The latest news from Prague is that the International Astronomical Union is now leaning towards demoting Pluto from planethood rather than elevating three new candidates. Also, instead of creating a classification of not-so-planety planets called plutons, the IAU is now considering throwing the sadly downgraded Pluto a bone by declaring it the prototype of a new class of subplanetary bodies. Pluton seems to be out of the running as a name for members of the category, while plutoid and plutonoid are faring no better. The New Scientist reports that Plutonian object is currently the "least unpopular choice." (Quite a ringing endorsement!) Owen Gingerich, chairman of the IAU's Planet Definition Committee, explains, "The purpose of this is to give a nod to those people who are great Pluto fans."
(Pluto's proposed new status reminds me of the scene in The Life Aquatic with Steve Zissou where a petulant Klaus interrupts Team Zissou's "lightning strike rescue op" to complain about being relegated to the B Squad. Steve patiently explains, "You might be on B Squad, but you're the B Squad leader!" So Pluto will now get to be the B Squad leader.)
The term pluton is evidently losing out in large part due to the objections of geologists that I discussed in my last post. As Gingerich told Nature, the IAU members did not appreciate that pluton was a common geological term:
Gingerich ... says that they were aware of its usage amongst geologists, but unaware of its importance to the field. "Since the term is not in the MS Word or the WordPerfect spell checkers, we thought it was not that common," Gingerich wrote in an e-mail to firstname.lastname@example.org. The geologic definition of the word does appear in common dictionaries, including the Oxford English.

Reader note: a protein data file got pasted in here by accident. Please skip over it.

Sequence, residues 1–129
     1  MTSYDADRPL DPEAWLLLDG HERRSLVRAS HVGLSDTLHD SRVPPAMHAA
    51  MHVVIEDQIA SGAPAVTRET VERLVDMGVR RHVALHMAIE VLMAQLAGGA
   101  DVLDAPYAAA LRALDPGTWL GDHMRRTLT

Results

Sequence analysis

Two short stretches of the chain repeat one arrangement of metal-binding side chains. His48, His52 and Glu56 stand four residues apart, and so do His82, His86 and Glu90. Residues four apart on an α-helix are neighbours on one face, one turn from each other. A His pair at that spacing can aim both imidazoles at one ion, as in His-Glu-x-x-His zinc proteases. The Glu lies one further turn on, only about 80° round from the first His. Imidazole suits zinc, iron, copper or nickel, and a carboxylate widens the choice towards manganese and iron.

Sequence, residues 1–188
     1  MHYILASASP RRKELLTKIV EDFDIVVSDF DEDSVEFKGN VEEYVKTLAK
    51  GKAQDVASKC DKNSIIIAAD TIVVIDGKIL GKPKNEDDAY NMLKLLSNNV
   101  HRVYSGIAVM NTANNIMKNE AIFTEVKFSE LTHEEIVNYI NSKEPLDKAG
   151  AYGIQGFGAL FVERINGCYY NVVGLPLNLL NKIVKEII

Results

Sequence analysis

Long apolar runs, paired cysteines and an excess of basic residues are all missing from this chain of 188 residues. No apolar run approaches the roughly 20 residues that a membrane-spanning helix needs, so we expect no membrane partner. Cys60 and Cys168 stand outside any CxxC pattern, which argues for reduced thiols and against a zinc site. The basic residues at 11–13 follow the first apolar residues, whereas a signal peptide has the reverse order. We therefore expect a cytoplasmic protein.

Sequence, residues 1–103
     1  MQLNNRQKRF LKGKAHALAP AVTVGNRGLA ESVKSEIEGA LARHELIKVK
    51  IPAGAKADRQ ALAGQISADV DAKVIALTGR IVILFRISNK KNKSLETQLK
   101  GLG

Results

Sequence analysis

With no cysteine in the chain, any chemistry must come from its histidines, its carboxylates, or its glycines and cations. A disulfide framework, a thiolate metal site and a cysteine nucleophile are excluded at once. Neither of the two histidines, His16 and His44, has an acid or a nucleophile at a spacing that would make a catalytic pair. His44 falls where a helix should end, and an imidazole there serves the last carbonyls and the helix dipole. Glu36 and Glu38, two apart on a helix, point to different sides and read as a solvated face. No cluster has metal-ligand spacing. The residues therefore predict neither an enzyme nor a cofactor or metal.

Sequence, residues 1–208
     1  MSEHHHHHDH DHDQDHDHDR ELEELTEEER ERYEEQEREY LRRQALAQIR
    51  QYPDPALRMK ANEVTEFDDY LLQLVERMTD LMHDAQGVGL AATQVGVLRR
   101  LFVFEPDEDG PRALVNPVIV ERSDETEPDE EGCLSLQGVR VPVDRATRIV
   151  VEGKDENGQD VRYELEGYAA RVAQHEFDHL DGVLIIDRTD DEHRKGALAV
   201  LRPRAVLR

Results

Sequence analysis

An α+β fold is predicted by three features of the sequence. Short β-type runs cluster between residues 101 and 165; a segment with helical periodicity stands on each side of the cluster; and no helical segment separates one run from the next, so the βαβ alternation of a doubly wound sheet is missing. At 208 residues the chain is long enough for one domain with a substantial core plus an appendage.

(Yes, the astronomers really did rely on spellchecker software when assessing pluton. Deutsche Presse-Agentur reports, "One panel member quipped that geologists should attack software-maker Microsoft, not astronomers, for the 'pluton' oversight because the word did not appear in the panel's spellchecker.")
Bucking the anti-pluton sentiment, Gingerich still thinks the two definitions of pluton could happily coexist: "We think
words can (and frequently do) have alternative meanings - for example, is there
mercury on Mercury?" (To which I'd add: there's definitely earth on
Earth.) Despite this sensible argument for polysemy, it looks like pluton is a non-starter.
(See also coverage in the New York Times, which mentions mnemonics that astronomers were devising for the proposed twelve-planet lineup, though sadly there's no mention of Geoff Pullum's attempt. And to satisfy a request from Vili at Vertebrate Silence, here's a suggestion for the Pluto-less arrangement: My Very Excellent Mother Just Sent Us Naugahyde.)
[Update, 8/24/06: Good-bye plutonian objects, hello ... ??? The IAU shot down "plutonian objects" as the name for the new class with the now nonplanetary Pluto as its prototype. Details here.]Posted by Benjamin Zimmer at August 23, 2006 11:01 AM